April 18: SEPTA begins City Hall Concourse renovations | Ardmore TOD battle | Chicago rezoning

“Health has a lot less to do with your genetic code and a lot more to do with your zip code,” says Dan Taylor, a North Philly pediatrician. Alfred Lubrano says the evidence bears this out, in a sobering look at the inequality of life expectancies between Philadelphia neighborhoods. 

Starting today, two sections of the City Hall SEPTA Concourse will be closed for renovations for about a year says Dan McQuade. Here’s what we know about the thinking behind the project.

Ryan Briggs highlights the Grays Ferry Triangle—the citizen-initiated public space makeover of a stub of street at 23rd and South—for Urban Land magazine ahead of the Urban Land Institute’s Spring Meeting in Philly this week. “With a total cost of just $10,000, it is a model that planners hope other neighborhoods will emulate,” he writes.

Maria Panaritis checks in on the fight over Carl Dranoff’s eight-story transit-oriented development project in Ardmore. A group of residents is suing the state to block the dispersal of $10.5 million in state funds for the project, which has already been approved for RACP funding, on the grounds that it no longer involves renovations to the actual train station. The final hurdle for the project is a three-story parking garage required by Lower Merion Township, which the state subsidies would finance.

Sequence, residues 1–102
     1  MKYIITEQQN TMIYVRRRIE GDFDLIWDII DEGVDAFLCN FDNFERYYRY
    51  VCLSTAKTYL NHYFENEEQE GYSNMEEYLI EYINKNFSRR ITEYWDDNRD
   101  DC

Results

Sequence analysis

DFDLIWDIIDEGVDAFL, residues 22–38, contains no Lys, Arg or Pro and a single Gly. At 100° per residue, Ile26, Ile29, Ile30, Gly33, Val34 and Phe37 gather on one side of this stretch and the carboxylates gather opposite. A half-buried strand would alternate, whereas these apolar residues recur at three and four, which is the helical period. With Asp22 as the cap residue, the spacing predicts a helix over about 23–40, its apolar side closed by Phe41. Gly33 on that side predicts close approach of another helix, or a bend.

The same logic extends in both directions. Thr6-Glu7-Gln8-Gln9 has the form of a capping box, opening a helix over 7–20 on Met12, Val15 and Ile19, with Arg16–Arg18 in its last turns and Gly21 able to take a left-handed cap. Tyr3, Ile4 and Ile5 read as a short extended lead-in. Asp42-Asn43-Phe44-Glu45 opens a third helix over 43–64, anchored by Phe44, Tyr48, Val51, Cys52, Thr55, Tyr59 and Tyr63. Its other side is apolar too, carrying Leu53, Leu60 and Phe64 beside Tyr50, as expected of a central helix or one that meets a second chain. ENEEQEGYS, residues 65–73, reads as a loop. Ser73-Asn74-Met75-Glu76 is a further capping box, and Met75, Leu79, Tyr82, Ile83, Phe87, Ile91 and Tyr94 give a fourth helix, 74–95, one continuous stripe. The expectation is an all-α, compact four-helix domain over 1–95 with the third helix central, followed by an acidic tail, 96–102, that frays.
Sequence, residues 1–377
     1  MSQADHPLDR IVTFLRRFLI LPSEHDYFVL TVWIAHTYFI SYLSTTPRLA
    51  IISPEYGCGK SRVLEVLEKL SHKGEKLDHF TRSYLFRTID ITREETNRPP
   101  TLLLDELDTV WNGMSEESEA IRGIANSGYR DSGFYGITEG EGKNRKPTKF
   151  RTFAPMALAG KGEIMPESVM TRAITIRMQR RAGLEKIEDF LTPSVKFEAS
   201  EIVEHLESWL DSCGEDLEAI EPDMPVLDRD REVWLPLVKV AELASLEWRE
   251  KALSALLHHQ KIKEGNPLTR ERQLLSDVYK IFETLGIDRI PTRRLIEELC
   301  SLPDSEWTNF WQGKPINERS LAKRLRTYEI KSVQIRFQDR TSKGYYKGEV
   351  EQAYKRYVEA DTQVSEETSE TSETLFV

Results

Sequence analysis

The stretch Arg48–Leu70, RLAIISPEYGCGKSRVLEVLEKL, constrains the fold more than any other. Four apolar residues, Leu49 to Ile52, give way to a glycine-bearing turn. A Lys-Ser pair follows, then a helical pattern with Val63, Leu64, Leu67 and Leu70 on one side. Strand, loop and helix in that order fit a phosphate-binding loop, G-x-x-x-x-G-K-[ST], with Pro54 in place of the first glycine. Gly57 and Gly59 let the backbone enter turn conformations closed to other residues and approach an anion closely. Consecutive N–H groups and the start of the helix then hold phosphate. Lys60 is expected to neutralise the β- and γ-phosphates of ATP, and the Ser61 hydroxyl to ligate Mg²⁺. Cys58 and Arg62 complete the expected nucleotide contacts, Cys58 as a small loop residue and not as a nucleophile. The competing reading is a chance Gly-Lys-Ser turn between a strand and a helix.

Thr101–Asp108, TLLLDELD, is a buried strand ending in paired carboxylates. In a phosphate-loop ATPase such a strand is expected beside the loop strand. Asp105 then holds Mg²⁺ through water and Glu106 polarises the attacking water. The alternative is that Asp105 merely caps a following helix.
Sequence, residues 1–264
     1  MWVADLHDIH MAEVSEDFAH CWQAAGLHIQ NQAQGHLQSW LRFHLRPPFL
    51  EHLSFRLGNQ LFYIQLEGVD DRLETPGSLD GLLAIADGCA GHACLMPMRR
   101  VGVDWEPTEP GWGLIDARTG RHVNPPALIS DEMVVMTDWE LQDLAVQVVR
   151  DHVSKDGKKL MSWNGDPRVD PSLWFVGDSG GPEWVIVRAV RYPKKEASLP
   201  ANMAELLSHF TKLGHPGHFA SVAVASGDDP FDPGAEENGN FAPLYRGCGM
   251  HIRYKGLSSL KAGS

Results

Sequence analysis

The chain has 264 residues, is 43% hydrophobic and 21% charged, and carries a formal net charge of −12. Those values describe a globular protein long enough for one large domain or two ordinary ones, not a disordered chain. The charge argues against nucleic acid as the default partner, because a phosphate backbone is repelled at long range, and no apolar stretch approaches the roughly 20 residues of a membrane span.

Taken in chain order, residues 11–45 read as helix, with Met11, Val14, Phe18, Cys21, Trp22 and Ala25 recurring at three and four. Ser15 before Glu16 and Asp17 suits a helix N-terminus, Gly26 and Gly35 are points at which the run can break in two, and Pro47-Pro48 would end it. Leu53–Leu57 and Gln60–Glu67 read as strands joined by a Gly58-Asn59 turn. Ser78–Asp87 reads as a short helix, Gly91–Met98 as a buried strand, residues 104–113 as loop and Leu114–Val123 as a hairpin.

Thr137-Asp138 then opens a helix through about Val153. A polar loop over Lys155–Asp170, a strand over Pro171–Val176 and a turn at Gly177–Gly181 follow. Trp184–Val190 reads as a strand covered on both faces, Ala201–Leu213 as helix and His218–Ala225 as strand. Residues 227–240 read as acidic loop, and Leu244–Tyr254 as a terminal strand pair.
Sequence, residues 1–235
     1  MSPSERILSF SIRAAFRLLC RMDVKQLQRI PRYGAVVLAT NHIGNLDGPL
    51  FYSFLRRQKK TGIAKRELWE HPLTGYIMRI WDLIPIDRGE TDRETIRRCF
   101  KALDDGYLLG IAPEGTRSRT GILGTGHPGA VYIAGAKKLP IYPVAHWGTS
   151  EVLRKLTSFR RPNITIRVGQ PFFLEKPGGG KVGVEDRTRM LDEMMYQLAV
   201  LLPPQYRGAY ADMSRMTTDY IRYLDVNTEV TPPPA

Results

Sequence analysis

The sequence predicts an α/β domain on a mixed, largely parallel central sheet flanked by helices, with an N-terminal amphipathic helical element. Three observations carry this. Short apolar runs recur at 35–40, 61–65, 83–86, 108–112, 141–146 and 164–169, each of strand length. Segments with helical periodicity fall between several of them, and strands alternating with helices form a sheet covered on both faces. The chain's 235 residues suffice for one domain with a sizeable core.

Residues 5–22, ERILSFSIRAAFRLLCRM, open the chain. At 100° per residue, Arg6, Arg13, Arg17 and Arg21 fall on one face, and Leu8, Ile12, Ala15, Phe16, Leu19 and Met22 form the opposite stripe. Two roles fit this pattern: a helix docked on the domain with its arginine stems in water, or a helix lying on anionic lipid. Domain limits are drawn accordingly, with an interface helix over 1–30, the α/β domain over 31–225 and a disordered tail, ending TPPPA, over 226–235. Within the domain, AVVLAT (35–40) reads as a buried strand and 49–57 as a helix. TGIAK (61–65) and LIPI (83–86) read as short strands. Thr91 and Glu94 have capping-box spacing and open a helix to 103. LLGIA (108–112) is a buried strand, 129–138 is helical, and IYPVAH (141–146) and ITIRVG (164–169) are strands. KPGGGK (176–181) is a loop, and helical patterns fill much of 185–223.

What’s keeping the U.S. political system from addressing the nation’s huge infrastructure maintenance backlog? Disagreements over taxes and political geography play a big part, says James Surowiecki, but the large and growing number of “veto points” in the system are another underrated issue. 

Chicago is considering an interesting proposal for rezoning an expanded area near the Loop, which would address the difficult politics of upzoning in a fairly elegant way. Yonah Freemark explains at the Metropolitan Planning Council blog that the plan would replace 20 different density bonuses with a single “pay-to-expand” system, where developers simply pay the city to build larger. Eighty percent of the fee revenue would go toward a new fund for commercial and cultural needs in under-served areas, 10% would go to restoring landmark buildings, and 10% would pay for local public improvements within a half-mile of new development. 

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